Prescription drug shortages have contributed to rising drug prices, adding an estimated $230 million to overall U.S. spending on pharmaceuticals each year, according to a study published in the Annals of Internal Medicine.
The authors analyzed FDA data to identify more than 600 different varieties of 90 drugs that were involved in shortages between December 2015 and December 2016. They used pricing data from AnalySource to measure the price of each drug over a 12-month period preceding and following a shortage.
Researchers found that average prices for drugs in short supply rose by 20 percent in the 11 months after a shortage began, compared to a 9 percent increase for unaffected drugs.
The analysis also revealed that the number of manufacturers of a drug in short supply affected the change in price: When a drug was manufactured by three or fewer companies, its price rose an average of 12.1 percent in the 11 months preceding a shortage and 24.7 percent following a shortage; when a drug was produced by four or more manufacturers, prices increased by an average of 2.5 percent and 4.8 percent in the 11 months before and after a shortage, respectively.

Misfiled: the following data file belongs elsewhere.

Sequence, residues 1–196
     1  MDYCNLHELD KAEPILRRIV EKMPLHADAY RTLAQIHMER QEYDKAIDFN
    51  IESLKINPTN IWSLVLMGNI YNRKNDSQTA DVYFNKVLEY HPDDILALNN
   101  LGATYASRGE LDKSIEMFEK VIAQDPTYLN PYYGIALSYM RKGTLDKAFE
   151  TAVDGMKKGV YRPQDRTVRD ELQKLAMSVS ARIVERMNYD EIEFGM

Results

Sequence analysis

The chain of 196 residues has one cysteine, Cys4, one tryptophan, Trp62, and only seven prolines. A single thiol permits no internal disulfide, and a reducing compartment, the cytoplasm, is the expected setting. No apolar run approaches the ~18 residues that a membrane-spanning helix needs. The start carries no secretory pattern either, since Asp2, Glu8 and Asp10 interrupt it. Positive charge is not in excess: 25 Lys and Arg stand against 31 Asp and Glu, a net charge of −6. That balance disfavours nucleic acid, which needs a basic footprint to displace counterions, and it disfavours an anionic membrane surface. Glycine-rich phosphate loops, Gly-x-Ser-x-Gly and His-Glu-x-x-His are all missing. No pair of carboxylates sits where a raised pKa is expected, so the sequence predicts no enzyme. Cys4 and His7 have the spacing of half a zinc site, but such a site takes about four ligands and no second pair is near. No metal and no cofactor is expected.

While acknowledging a variety of reasons for dramatic price increases during drug shortages, the researchers argue that the pharmaceutical companies are partially to blame. “The results suggest manufacturers are leveraging the imbalance between demand and supply in the course of shortages and increasing prices in an opportunistic manner,” Inmaculada Hernandez, PharmD, PhD, a study co-author, told STAT News.
“If [rapid price hikes are] based on business decisions or faulty production, it seems unfair,” co-author Will Shrank, MD, added, echoing the views of Food and Drug Administration Commissioner Scott Gottlieb, MD. Earlier this year, Dr. Gottlieb placed most of the blame for shortages on manufacturing and quality issues.